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100 million reasons why vaccine deniers are wrong

A Pakistani health worker, left gives a polio vaccine to a child, who was displaced with his family from Pakistan's tribal areas due to fighting between the Taliban and the army. (AP Photo/Muhammed Muheisen)

The breakout of measles in Disneyland in late 2014 ignited a long-simmering debate over vaccines in the United States. This time, people from political leaders to medical professionals to countless media outlets are weighing in about vaccines. A month has passed since the outbreak and the debate continues over whether vaccines are safe and whether parents should be mandated to vaccinate their children.

Proponents of vaccines tend to focus on the things vaccines can do. What about the things vaccines have already accomplished? They helped rid the world of smallpox and put polio on the brink of eradication. People are putting their lives at stake to vaccinate children against polio in Pakistan. Soon, polio will join the dinosaurs and the dodo bird as an extinct part of the world’s past. Then there is this: vaccines have prevented more than 100 million serious cases of contagious diseases in the United States since 1924.

It is worth repeating, vaccines have prevented more than 100 million serious cases of contagious diseases in the United States since 1924.

Scientists from the University of Pittsburgh looked at the number of reported cases of polio, measles, rubella, mumps, hepatitis A, diphtheria and whooping cough before and after vaccines were available. The projections are based on how many cases would have occurred if a vaccine were not developed for each. The research was published in the New England Journal of Medicine in late 2013. It showed just how important vaccines have been in a historical context and why they still matter today.

All the infections avoided over nearly a century could be for naught if Americans spend more time getting health advice from former Playboy model Jenny McCarthy as opposed to scientific researchers.

“We also are able to see a resurgence of some of these diseases in the past several decades as people forget how devastating they can be and start refusing vaccines,” said lead author Dr. Willem G. van Panhuis, Ph.D., assistant professor of epidemiology at Pitt Public Health, in a statement.

McCarthy and other vaccine deniers argue that that they cause more harm than good. The swell over the past decade can be traced to the discredited study published in the medical journal The Lancet by Dr. Andrew Wakefield in 1998 that linked the MMR (measles, mumps and rubella) vaccine with autism. Despite the British journal retracting the study over grave ethical lapses by Wakefield, the damage by the study was done.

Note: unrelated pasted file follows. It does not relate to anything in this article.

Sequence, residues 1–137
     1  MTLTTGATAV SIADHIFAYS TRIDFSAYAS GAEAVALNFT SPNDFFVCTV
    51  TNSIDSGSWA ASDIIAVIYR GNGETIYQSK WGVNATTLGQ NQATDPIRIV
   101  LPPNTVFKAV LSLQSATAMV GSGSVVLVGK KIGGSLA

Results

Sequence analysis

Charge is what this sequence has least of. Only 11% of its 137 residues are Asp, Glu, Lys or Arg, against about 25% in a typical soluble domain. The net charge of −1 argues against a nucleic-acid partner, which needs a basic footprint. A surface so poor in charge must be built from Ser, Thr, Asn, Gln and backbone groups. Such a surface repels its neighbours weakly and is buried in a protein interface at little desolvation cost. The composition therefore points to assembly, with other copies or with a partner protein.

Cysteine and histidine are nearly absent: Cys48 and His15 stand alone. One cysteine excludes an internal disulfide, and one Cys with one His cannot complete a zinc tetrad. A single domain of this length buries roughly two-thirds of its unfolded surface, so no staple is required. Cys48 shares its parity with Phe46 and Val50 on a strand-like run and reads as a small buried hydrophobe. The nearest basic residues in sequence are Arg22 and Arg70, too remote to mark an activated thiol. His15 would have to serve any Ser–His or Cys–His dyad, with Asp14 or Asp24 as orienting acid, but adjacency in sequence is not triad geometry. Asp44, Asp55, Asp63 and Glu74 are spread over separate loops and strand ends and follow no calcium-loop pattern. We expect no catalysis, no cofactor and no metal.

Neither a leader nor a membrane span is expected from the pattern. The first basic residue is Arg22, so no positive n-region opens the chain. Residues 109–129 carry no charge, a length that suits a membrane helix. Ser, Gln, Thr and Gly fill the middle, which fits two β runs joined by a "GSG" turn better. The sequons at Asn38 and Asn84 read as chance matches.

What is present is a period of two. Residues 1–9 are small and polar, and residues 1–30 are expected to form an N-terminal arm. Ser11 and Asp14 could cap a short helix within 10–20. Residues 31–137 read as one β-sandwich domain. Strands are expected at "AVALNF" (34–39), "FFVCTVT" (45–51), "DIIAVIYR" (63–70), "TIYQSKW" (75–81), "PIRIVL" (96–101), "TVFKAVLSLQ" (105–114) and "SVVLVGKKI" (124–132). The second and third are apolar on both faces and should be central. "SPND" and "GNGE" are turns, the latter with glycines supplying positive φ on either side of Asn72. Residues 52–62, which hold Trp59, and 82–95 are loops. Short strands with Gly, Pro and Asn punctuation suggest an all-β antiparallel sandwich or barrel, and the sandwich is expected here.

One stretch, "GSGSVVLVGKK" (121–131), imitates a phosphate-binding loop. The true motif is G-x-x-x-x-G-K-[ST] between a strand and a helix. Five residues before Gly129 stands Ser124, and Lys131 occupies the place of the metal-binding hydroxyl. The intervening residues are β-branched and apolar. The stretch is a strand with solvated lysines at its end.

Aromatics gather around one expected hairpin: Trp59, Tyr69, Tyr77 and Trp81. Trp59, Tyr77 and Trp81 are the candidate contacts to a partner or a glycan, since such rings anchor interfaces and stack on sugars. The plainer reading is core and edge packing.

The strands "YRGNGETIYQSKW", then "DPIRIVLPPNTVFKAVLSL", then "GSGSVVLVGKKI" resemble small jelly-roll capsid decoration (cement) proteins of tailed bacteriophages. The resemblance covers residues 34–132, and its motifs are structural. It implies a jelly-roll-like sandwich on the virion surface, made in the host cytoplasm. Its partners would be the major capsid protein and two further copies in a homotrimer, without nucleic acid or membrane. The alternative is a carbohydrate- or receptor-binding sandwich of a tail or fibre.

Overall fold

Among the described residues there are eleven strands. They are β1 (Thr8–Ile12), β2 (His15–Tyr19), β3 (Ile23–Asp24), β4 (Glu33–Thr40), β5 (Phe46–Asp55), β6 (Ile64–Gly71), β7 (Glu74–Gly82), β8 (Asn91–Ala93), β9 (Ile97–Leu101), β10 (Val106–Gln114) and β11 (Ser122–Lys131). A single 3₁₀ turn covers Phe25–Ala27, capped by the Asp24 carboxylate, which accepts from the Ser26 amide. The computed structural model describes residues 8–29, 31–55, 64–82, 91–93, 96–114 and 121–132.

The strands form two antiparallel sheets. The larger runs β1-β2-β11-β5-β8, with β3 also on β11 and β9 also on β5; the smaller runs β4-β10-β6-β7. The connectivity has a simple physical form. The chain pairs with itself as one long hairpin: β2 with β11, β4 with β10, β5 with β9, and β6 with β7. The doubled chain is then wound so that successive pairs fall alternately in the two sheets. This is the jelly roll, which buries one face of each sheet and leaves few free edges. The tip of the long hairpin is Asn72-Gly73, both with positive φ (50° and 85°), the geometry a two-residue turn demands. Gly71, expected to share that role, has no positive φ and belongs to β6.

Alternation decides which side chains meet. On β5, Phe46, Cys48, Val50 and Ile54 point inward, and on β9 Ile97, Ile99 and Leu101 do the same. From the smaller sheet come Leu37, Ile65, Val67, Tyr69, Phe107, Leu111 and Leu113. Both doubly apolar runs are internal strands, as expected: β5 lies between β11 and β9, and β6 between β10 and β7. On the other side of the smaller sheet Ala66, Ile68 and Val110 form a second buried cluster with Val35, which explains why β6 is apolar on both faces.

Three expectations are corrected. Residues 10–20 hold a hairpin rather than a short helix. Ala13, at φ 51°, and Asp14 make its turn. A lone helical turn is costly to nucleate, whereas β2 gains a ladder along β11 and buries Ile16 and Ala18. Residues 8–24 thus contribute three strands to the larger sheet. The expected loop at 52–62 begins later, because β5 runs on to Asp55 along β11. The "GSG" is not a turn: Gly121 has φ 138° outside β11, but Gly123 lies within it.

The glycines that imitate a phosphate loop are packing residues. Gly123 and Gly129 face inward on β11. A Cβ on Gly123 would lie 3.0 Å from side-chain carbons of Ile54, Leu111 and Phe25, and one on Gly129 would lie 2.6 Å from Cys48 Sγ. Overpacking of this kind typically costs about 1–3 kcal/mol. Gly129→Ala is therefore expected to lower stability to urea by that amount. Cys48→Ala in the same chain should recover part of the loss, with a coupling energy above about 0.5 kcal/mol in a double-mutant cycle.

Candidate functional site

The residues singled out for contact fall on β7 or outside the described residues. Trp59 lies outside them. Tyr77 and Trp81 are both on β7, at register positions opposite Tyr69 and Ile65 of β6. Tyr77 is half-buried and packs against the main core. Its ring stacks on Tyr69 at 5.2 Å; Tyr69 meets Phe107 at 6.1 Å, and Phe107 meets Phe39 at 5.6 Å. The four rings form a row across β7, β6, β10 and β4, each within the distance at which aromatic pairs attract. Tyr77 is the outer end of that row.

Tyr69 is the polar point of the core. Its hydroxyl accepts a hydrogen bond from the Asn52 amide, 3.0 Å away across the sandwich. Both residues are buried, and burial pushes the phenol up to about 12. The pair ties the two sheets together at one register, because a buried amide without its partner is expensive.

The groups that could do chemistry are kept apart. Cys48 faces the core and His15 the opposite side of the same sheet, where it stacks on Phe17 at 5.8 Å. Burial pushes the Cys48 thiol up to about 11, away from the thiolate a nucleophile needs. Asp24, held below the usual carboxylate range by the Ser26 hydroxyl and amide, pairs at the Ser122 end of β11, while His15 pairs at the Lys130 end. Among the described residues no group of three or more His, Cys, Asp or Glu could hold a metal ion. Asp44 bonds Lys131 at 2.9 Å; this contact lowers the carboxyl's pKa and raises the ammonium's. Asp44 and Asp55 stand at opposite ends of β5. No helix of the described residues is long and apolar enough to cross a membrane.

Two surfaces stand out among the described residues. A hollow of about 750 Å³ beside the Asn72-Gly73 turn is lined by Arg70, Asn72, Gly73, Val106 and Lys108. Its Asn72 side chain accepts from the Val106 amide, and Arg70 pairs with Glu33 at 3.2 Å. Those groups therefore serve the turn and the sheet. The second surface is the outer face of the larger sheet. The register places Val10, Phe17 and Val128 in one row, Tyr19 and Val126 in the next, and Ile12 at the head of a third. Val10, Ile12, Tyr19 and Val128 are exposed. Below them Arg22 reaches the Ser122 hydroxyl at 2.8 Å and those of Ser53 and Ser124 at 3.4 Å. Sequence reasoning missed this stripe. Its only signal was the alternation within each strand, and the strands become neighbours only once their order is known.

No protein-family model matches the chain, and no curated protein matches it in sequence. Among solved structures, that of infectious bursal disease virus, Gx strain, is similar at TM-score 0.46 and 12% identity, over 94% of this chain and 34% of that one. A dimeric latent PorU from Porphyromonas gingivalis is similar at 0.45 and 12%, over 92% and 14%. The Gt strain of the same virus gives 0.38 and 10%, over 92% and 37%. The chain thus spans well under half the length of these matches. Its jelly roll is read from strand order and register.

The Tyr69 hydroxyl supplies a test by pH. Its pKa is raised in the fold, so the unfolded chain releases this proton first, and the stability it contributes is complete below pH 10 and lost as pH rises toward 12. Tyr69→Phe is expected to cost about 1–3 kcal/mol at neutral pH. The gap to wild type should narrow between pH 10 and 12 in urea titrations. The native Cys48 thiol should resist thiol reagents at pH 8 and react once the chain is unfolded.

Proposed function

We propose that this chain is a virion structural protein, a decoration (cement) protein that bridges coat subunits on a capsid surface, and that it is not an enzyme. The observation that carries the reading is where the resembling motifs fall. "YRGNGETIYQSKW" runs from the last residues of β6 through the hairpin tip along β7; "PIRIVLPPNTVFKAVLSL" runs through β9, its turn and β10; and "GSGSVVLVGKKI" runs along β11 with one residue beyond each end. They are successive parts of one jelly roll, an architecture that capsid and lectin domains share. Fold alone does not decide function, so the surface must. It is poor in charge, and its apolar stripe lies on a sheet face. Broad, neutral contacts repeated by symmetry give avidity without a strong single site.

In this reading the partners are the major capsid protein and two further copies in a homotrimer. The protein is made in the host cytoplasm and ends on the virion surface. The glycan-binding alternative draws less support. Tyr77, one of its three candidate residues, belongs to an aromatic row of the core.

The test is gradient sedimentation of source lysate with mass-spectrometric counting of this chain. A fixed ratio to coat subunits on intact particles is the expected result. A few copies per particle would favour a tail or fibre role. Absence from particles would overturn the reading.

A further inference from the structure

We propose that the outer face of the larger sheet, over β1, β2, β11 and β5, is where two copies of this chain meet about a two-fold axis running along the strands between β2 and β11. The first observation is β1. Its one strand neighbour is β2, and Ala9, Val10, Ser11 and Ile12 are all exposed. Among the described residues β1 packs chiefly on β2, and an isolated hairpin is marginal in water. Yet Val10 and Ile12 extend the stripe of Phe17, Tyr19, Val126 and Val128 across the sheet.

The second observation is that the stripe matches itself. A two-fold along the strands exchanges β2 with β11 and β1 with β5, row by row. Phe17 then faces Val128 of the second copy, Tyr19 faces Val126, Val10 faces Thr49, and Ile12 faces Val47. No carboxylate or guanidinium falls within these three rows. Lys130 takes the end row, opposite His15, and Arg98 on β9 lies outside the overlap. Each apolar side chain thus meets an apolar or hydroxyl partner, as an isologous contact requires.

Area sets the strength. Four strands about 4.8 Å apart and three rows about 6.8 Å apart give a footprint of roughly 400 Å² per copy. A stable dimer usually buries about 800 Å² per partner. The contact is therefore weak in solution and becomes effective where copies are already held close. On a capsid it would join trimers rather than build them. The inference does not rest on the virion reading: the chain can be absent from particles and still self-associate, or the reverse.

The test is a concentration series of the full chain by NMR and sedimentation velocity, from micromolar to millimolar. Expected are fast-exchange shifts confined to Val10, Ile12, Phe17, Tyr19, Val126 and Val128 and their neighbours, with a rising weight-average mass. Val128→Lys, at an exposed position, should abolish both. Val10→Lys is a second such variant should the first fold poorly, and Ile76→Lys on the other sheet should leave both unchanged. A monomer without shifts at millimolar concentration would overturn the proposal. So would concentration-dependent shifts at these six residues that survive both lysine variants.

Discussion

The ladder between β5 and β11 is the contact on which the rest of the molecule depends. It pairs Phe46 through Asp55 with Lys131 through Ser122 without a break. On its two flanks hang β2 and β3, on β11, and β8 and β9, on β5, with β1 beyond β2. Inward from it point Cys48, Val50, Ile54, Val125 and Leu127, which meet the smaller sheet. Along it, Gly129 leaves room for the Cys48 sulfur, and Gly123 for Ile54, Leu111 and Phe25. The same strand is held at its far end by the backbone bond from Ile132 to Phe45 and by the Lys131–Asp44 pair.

Parents in the West, from the United Kingdom to the United States, withheld vaccines from their children. As a result measles recently made a comeback in the United Kingdom and there have been more reported cases of whooping cough, pertussis. The whooping cough vaccine has been available for decades, but last year saw the largest outbreak of the disease since 1959.

A study published in fall 2013 in Pediatrics found that a lack of vaccines was one of the factors that contributed to the 9120 reported cases in California in 2010, the most since 1947. People living in areas of California that had a high rate of personal belief vaccine exemptions were 2.5 times more likely to catch whooping cough.

“Our findings suggest that communities with large numbers of intentionally unvaccinated or undervaccinated persons can lead to pertussis outbreaks. In the presence of limited vaccine effectiveness and waning immunity,” concluded the authors.

Vaccines can prevent against some diseases, but there is no vaccine for bad decisions. Those decisions are aiding the return of infections that were not problems for years.

The data dive is an impressive accomplishment and one that the researchers hope will help others out. It was put together thanks to financial backing from the U.S. National Institutes for Health, NIH, and the Gates Foundation.

Aside from the stunning findings, the hope is that the new database will help inform further research. All of it is available on a public database.

“Analyzing historical epidemiological data can reveal patterns that help us understand how infectious diseases spread and what interventions have been most effective,” said Irene Eckstrand, Ph.D., of NIH

The team digitized the data set and named it Tycho Brahe, the Danish nobleman who paved the way for Johannes Kepler’s discover of the laws of planetary motion.  Project TychoTM hopes to be the information that can inform the next Kepler of infectious diseases.

“By ‘rescuing’ these historical disease data and combining them into a single, open-access, computable system, we now can better understand the devastating impact of epidemic diseases, and the remarkable value of vaccines in preventing illness and death,” explained senior author Dr. Donald S. Burke, Pitt Public Health dean and UPMC-Jonas Salk Chair of Global Health.


About Author

Tom Murphy

Tom Murphy is a New Hampshire-based reporter for Humanosphere. Before joining Humanosphere, Tom founded and edited the aid blog A View From the Cave. His work has appeared in Foreign Policy, the Huffington Post, the Guardian, GlobalPost and Christian Science Monitor. He tweets at @viewfromthecave. Contact him at tmurphy[at]